This particular trophy is a mechanical man/figure made of nuts and bolts and springs and he's turning a wrench,

                      Now for the relevance of the topic

                      When I was just 18 I moved out here and got a job working for this guy at his foreign car repair shop, I was doing my thing and he was working on an old toyota -- a corolla - corona or cresenda or something like that, anyhoo, he went to a salvage yard and got an engine to replace the one in the car because it shelled out a rod bearing and blew its guts ----- he totally got the salvage engine in and fired it up and it would not pump up oil pressure, he had checked the oil and it was fine, he planned on running it - warming up the old oil and then dumping it, but what he found after it wouldnt pump up was that there was a load of coolant in the bottom of the pan, UGGGHHH he said -- the engines junk -- all that work to put it in,, he stated that the block must be cracked, I immediately asked if there were any "freeze plugs" he stated nowhere to be seen, I went and looked at the engine and he was right -- nowhere external, I then see a side panel lifter cover (I think actually two of them side by side) I told him I thought they would be worth removing, he said NO very firmly and said they are a very picky salvage yard - if we screw up a gasket and its obvious they might not take it back as its shaky ground to begin with, plus he stated that all there is under there is lifters and pushrods (like i said -- early toyota) I seen how hard he worked putting the engine in, I could not just "let it go" (see fella's -- Iv always been a stubborn ass)
                      So I let him cool down and asked him if I could please remove it and I would take my time with a razor and not destroy anything --- NO!!
                      it was all bad timing as he was already pissed with what went down, Still -- I could not not think about it and it was driving me crazy, --- it was only two bolts, then I remember him going to the house (20 ft. away) to talk on the phone with the salvage people --- now was my chance, I grabbed a ratchet and a socket --- I popped the first cover off -- as I removed it something fell onto the cement under the car --- and then I see the vacancy hole where the plug was --- BINGO I got it, I had enough time to retrieve the plug and when Captian Crunch (he got that nickname for dropping a volvo trans on his pinkie) was walking back from the house to the shop I flipped him the plug (like a coke bottle top) He caught it, looked at it and there wasnt an expression --------- he immediately left the shop in a furry (burned rubber in somebodys saab) I thought I was in really big trouble, I not only disobeyed a direct order, i basically disobeyed three of them, then he shows up fifteen minutes later with my superwrench award, he's all smiles and gives me a big hug -- then thanks me for not listening to him! we press the old plug back in with some sealant ------ he changes the oil we get pressure and the car burns a little oil but other than that it goes down the road....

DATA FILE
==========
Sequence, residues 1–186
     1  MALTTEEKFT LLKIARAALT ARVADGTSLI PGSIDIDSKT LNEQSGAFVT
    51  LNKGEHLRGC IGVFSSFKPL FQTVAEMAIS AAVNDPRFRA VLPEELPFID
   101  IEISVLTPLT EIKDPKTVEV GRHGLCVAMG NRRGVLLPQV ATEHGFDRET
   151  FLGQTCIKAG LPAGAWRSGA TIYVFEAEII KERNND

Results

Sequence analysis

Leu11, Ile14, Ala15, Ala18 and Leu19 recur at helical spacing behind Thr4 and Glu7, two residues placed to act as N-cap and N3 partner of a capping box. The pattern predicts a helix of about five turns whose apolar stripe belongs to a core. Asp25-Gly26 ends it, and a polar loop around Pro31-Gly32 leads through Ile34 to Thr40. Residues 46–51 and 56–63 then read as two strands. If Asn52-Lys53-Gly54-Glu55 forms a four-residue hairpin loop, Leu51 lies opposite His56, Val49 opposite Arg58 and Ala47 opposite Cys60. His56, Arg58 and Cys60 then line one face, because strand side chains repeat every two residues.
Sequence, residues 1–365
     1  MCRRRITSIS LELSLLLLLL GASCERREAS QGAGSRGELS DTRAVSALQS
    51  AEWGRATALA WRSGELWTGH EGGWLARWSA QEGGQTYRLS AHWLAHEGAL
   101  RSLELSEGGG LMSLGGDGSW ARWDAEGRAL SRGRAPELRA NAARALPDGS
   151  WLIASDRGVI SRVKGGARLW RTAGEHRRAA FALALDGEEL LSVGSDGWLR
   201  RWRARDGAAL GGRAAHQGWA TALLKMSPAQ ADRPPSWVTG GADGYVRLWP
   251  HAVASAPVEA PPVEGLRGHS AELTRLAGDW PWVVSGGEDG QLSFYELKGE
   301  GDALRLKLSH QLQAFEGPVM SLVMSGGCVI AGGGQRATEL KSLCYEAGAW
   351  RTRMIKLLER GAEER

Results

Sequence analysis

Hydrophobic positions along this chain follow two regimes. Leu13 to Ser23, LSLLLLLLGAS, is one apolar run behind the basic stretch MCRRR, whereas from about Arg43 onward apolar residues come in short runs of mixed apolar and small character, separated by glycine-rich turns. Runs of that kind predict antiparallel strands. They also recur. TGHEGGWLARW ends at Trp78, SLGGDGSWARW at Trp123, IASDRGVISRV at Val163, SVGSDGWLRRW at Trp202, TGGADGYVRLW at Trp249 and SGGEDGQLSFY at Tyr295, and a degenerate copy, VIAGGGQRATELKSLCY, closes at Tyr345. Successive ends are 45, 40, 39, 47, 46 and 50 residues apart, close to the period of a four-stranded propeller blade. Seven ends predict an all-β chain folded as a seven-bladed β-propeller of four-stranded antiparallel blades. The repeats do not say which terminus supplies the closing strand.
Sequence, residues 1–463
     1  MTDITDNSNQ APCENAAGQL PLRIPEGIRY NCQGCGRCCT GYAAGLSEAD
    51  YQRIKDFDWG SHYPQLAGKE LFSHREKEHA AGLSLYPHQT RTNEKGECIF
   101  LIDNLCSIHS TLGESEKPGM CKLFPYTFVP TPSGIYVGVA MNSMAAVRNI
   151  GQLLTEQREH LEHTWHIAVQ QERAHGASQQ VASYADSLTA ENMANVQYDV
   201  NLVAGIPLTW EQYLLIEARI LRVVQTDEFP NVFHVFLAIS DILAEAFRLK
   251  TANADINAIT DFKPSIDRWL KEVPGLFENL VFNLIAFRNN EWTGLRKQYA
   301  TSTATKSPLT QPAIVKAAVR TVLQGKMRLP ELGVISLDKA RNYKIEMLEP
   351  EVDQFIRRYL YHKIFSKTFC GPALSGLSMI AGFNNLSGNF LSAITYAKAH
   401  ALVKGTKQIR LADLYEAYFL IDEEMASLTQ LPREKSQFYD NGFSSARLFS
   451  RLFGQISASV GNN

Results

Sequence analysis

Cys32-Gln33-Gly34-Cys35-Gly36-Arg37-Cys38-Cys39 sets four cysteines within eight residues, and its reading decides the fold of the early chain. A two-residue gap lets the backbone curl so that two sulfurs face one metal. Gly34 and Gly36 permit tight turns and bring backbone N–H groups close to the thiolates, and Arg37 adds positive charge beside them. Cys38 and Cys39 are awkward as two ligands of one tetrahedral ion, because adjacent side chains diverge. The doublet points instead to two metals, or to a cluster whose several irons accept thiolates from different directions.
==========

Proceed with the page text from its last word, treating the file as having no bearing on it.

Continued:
Moral of story; To each there own, but I call em a freeze plug

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                      • #12
                        Originally posted by topct
                        Freeze plug?
                        Welsh Plug
                        Precision takes time.

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                        • #13
                          Known as a frost and a welch plug down this way.
                          If it's my motor, it gets the brass version... and don't forget the bugger behind the flywheel.

                          addition: http://www.britishcarweek.org/welch_plug.html
                          Last edited by speedy; 07-04-2008, 01:24 AM.
                          Ken.

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                          • #14
                            I have a set for a 22RE sitting in of all places the built in spice cabinet that I never use in the kitchen --- I just went and checked what the plastic covered cardboard pack says and its none of what anybody says - but it has to do more with freezing than any other term other than "freeze plug" --- the pack is labeled "expansion plugs" I dont believe their talking in expansion as in the plug itself as it actually physically goes through a compression whilst pushing it into the block

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                            • #15
                              They would be the cursed shallow dished type?
                              Ken.